PRACTICING EACH SEQUENCE WITH FORM-FLOW-FORCE
Review of Essence of Shaolin by Sifu Zhang Wuji
Sifu Zhang Wuji
Shaolin Wahnam Singapore
8th December 2017
In terms of techniques, my major takeaway is the Tiger Tail Kick and the roll. The odd thing is that I first learnt this technique 10 years ago and several times since, but for some reason, I never really got it. Maybe I am obtuse or something, but I chose to specialise in this technique for today, and I had a great time with it.
We were instructed to choose one sequence and practice it with form-flow-force. It may surprise some but I actually managed to get a nice flowing sequence from what would otherwise seem like awkward movements - simulating a leg being caught, turning around, putting the hands down and kicking before the roll, and repeating the same on the reverse side. In practising our chosen sequence, Sifu admonished us to flow, not re-start from a poise position. As I mentioned to another student, the poise and starting patterns are stylised "introductions", so we need not get all hung up about them.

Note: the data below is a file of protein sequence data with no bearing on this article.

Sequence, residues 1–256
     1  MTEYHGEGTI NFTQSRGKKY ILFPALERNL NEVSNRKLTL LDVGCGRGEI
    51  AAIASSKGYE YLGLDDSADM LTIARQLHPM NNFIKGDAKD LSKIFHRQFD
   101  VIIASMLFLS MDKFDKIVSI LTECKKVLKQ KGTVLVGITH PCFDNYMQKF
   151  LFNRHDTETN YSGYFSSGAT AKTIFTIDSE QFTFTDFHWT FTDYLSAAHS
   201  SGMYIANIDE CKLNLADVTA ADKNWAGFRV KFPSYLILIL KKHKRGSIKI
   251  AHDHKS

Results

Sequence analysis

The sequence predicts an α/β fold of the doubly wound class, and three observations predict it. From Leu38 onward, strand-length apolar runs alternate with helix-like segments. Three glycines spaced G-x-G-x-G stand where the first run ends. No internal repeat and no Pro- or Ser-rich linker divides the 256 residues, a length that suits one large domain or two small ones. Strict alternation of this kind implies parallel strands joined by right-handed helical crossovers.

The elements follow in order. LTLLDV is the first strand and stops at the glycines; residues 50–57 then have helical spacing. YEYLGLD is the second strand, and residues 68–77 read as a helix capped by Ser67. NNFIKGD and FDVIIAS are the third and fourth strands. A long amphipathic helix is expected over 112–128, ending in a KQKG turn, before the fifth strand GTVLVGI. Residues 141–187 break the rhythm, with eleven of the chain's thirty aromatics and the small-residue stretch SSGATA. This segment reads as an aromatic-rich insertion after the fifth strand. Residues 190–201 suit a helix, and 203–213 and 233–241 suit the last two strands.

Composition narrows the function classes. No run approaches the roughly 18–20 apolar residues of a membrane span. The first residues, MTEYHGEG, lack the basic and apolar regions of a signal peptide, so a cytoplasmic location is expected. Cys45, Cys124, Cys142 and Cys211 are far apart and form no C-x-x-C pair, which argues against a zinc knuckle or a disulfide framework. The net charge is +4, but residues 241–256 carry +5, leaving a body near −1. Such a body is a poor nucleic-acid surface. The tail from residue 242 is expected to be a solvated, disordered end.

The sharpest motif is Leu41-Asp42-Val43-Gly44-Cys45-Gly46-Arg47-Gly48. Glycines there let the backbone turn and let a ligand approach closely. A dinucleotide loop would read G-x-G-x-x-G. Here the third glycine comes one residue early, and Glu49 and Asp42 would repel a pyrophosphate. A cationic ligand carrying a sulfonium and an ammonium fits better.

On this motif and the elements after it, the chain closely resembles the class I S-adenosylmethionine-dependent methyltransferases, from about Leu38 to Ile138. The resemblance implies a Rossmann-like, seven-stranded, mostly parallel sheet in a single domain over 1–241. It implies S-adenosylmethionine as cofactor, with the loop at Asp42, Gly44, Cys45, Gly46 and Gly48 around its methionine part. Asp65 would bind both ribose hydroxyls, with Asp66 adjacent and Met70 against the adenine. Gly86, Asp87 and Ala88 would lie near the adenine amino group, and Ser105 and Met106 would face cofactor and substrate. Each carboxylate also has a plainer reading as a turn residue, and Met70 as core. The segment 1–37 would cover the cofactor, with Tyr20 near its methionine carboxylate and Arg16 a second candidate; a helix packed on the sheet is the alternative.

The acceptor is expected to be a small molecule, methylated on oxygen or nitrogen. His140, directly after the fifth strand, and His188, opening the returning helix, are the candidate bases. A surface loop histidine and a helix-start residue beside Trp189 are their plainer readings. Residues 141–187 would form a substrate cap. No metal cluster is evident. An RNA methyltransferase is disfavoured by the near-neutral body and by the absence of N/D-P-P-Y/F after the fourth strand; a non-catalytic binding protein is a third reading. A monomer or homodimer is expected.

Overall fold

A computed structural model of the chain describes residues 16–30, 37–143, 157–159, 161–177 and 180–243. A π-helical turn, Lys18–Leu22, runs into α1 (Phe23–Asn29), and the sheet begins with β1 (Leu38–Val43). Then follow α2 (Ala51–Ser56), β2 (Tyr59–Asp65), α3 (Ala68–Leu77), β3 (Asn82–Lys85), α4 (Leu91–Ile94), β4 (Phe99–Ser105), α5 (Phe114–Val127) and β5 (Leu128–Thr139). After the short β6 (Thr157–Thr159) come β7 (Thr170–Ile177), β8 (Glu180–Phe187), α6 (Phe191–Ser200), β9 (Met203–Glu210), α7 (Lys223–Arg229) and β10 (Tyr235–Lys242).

A lesson about safety first for your training partner - remember that a training partner freezes for you to execute your technique and practice what you have learnt, and is not your personal punching bag. Without the artificial restrictions to shackle him for the purpose of practice, a trained Shaolin exponent is not a sitting duck.
Sifu said "slowly!" so many times earlier that I lost count. Going slow is for safety, but also so that we and others watching can learn. Leaving aside the other crucial factors like spacing and covering, going fast at the beginning just makes one not grasp the steps in the sequence, and practice just becomes a mess of flailing arms and legs. The Essence of Shaolin set contains marvellous patterns and applications, and there is no reason to rush to execute these exotic patterns and their applications.
An interesting training procedure was revealed today, using one of the patterns. We nornally use poise patterns to limit our exposure, but occasionally we can let ourselves be vulnerable at the start, so that we can train to react instantly to an attack (going from slow, to medium, to fast speed). I immediately thought of that dreadful movie, the original Karate Kid Part 2, where Daniel-san stands in front of the fishing hook, and side-steps at the last moment.
The above discussion is reproduced from the Posts 58 and 59 of thread Essence of Shaolin in the Shaolin Wahnam Discussion Forum.
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